(CBS) Cutting back on salt might not be all it's cracked up to be for heart health. A new study suggests reducing dietary salt intake may actually raise several risk factors for heart disease.
"I can't really see, if you look at the total evidence, that there is any reason to believe there is a net benefit of decreasing sodium intake in the general population," study author Dr. Niels Graudal, a senior consultant at Copenhagen University Hospital in Denmark, told Reuters.
Previous research has shown that cutting back on salt lowers blood pressure, so it has long been assumed that reducing sodium would also prevent cardiovascular disease and stroke. To find out for sure, researchers reviewed 167 salt studies, but looked at other factors related to heart health besides blood pressure.
What did the researchers uncover? Reducing salt intake did lower blood pressure as expected, but it caused a 2.5 percent increase in cholesterol and a 7 percent increase triglycerides. The researchers also found dietary salt reduction caused kidneys to produce more enzymes and hormones that regulate the body's salt levels, which in turn cause the body to retain more salt. All these increases were considered significant, and could be harmful for cardiovascular health, the researchers said.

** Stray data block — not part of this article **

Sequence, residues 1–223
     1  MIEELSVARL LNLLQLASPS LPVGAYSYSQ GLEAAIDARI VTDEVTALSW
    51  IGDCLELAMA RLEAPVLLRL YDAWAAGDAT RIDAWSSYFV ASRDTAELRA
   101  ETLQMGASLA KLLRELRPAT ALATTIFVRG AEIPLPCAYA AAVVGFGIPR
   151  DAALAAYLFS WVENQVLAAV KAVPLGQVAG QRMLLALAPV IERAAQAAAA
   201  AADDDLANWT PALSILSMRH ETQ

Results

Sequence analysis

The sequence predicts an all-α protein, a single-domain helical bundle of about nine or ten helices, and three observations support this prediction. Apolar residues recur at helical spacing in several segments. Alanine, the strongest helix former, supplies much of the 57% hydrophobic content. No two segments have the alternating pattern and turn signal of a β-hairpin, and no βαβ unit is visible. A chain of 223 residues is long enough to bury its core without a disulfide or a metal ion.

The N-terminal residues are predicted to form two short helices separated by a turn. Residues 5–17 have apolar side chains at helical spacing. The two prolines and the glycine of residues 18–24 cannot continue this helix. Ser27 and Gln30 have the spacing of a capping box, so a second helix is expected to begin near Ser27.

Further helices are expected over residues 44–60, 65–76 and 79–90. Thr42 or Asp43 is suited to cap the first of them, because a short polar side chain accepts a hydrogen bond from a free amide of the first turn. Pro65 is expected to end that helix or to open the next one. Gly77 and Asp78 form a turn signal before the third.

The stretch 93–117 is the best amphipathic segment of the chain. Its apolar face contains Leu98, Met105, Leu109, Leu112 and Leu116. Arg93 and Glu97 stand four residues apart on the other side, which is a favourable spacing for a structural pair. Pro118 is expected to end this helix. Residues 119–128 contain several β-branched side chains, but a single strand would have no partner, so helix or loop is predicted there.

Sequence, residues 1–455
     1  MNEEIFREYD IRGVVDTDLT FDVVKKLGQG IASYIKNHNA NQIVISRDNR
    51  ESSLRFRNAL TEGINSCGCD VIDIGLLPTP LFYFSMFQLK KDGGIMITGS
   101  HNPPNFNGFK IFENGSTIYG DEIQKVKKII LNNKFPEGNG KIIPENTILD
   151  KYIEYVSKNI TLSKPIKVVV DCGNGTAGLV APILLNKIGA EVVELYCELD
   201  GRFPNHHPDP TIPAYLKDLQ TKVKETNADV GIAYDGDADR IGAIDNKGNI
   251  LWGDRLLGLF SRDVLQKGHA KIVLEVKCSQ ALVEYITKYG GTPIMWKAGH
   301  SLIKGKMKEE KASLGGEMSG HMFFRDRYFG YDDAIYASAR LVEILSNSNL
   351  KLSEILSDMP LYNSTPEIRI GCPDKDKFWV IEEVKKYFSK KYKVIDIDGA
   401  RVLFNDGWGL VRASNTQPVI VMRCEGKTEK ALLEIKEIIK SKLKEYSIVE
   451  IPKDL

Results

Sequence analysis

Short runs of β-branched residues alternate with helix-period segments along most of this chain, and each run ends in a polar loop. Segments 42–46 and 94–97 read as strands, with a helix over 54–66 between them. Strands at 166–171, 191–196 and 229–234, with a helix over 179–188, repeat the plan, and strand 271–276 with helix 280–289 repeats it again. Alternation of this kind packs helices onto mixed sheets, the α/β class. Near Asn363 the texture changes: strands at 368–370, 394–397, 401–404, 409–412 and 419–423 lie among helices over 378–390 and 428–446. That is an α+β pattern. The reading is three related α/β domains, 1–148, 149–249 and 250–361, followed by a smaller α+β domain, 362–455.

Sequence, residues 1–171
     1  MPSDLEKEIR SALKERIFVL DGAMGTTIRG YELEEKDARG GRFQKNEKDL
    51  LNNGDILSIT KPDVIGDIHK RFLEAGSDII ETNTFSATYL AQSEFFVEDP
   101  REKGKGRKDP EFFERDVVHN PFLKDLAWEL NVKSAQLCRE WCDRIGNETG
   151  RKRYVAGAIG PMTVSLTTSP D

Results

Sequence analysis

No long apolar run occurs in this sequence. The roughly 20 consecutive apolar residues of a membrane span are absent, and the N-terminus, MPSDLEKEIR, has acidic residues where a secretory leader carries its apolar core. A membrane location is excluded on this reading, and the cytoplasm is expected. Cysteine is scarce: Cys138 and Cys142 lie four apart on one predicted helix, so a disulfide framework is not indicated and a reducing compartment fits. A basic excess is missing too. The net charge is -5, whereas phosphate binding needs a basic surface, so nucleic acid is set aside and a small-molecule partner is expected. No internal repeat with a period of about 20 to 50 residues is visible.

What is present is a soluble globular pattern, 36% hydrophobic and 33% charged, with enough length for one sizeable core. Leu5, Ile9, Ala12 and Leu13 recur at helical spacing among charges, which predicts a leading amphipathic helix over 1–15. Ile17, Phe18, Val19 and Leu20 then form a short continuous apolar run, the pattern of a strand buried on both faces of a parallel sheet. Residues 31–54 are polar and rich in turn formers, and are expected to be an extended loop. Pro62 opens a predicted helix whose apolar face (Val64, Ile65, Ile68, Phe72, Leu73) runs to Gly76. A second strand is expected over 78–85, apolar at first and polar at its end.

The researchers' bottom line?
"In my opinion, people should generally not worry about their salt intake," Graudal told HealthDay.
The findings are published in the Nov. 9 issue of the American Journal of Hypertension.
In July, another review found "no clear benefit" to cutting back salt, saying it did not reduce the likelihood of dying from heart disease or having a heart attack,
Some experts disputed the new study.
"Over 50 public health organizations can't be wrong on this one," Dr. Lawrence Appel, professor of medicine, epidemiology, and international health at Johns Hopkins Medical Institutions in Baltimore, told WebMD.
Should Americans stay put when it comes to their salt intake?
"Certainly I would not tell my patients not to lower their sodium because it might then raise your cholesterol," Dr. Tara Narula, a cardiologist at Lenox Hill Hospital in New York City, told WebMD. "I'd be hard pressed to find other cardiologists who would say that based on this study that they would not recommend low-sodium diets to people, especially those that have hypertension and heart failure."
The CDC recommends a daily sodium intake for Americans of 2,300 mg a day and also recommends that certain groups consume 1,500 mg or less each day, including Americans over 51 years old, African-Americans, and people with hypertension, diabetes, or chronic kidney disease.